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Make a splash in your garden by introducing a water feature. A pond or water feature is a great way to introduce sense of tranquillity to your space, plus it can provide a valuable source of water for birds and insects and become a habitat for frogs and water plants. You can have it big or small – even pots or containers that are suitable for courtyards or balconies will work well – so you don’t need a lot of space to have one!


How to make your own pond in a pot:

  • Look for a watertight container. Glazed ceramic pots and bowls without drainage holes make ideal water gardens, but also old bathtubs, lined wine barrels and plastic tubs can all be turned into fantastic small ponds. If there are drainage holes, plug them up with Selleys Knead-It Aqua.
  • The larger the container, the more plants you can fit in! The type of water plants you can grow will also depend on the size and depth of the container. For example, some water lilies need to be grown at least 40 cm below the water surface.
  • To successfully grow most water plants, the container should be positioned in a spot that receives at least 5 hours of sunlight a day. This is particularly important for flowering plants like water lilies. Shaded ponds are more likely to develop problems with algae.
  • Fill the container to around two thirds full with fresh, clean water. The water level can be adjusted once all the plants are installed.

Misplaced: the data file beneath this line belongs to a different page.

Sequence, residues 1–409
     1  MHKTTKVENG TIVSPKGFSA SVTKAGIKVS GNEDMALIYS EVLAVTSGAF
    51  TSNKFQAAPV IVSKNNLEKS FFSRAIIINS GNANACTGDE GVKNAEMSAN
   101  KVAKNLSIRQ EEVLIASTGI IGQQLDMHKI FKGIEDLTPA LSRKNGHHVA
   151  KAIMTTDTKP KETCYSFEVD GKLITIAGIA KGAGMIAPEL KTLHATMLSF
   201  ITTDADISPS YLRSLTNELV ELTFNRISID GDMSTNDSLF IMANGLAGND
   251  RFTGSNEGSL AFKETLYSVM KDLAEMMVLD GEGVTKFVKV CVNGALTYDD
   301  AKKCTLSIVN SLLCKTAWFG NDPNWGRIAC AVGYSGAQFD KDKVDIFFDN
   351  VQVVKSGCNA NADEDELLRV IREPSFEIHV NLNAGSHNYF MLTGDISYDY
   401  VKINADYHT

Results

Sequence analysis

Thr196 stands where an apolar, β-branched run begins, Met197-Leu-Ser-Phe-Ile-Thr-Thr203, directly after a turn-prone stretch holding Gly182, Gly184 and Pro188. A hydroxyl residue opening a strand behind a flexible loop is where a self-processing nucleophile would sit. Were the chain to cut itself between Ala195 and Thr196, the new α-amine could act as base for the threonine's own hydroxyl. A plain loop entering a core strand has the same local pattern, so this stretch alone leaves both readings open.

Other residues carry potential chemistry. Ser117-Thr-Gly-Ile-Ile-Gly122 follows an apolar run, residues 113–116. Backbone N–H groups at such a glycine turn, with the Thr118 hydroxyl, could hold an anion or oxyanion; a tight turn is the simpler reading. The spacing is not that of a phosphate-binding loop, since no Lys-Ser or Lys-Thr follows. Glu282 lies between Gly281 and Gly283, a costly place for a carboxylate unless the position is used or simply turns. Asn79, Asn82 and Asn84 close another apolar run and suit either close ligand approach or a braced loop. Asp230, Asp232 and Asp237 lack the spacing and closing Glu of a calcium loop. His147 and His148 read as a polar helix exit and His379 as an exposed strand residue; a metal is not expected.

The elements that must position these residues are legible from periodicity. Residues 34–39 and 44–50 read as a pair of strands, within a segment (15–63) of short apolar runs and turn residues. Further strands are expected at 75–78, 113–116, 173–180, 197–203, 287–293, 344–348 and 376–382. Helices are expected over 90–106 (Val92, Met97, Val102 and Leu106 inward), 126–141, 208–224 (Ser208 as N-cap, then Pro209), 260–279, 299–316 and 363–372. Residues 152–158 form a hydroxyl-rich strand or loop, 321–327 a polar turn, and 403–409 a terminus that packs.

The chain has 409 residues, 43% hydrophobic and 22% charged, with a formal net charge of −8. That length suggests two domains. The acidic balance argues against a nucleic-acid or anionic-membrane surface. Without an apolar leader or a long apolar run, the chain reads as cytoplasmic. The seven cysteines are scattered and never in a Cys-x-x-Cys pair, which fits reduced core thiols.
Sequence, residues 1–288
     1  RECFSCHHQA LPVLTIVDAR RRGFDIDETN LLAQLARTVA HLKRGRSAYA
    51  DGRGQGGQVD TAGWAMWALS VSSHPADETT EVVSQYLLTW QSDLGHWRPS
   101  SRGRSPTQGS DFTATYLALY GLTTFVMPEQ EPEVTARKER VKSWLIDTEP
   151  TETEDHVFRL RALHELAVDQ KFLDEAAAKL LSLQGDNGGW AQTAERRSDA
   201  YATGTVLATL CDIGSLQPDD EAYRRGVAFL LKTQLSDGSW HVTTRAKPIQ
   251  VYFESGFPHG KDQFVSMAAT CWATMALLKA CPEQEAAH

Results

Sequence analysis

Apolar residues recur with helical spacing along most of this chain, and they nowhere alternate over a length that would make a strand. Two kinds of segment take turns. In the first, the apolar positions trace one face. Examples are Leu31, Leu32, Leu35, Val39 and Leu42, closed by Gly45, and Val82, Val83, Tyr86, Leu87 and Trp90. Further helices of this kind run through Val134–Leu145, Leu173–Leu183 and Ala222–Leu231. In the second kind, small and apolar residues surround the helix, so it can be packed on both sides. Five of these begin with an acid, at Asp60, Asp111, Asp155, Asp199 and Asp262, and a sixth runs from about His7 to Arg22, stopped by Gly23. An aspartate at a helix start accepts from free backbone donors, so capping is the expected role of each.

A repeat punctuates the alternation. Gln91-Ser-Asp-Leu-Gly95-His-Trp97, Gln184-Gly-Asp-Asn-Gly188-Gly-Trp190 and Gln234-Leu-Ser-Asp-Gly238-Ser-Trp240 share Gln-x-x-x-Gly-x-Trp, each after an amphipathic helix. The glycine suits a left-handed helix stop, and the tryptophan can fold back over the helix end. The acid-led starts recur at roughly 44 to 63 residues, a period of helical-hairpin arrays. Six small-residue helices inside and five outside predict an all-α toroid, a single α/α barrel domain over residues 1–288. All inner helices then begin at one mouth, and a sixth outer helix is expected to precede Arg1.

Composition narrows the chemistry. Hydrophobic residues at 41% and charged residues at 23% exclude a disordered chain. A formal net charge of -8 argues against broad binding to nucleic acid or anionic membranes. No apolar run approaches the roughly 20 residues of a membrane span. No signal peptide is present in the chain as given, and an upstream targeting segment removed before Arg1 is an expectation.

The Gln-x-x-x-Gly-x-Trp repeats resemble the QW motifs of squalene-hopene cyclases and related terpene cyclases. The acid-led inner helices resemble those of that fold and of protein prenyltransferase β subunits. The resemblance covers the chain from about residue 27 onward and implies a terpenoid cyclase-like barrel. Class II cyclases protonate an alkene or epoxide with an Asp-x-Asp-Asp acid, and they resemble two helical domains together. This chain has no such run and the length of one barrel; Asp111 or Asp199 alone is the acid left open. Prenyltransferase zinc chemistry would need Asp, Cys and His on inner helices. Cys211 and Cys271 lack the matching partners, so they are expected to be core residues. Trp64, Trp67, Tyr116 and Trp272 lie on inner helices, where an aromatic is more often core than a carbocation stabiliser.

• An easy way to plant out your water garden is to purchase potted water plants from your local garden centre. They don’t need to be removed from their pots and can be gently placed straight into the water. Check the plant tags to see what water level your plants prefer. Tip! You can place bricks on the bottom of the container to help sit potted plants at their preferred water depth.
    • Variety is the spice of life! Different water plants bring varying benefits and interest to your water garden. Some plants are underwater ‘oxygenators’ which help maintain water quality, some plants have colourful flowers (such as water lilies) while others have striking tall foliage, like papyrus.

There are also edible water plants like aquatic mint, nardoo and water chestnuts, so your water garden can be productive as well. A mix of different water plants will help create a more attractive and healthier water garden.

  • Water plants need feeding, particularly during spring and summer when they’re growing rapidly. Look for specialised aquatic fertiliser tablets at your local nursery or aquatic plant store.

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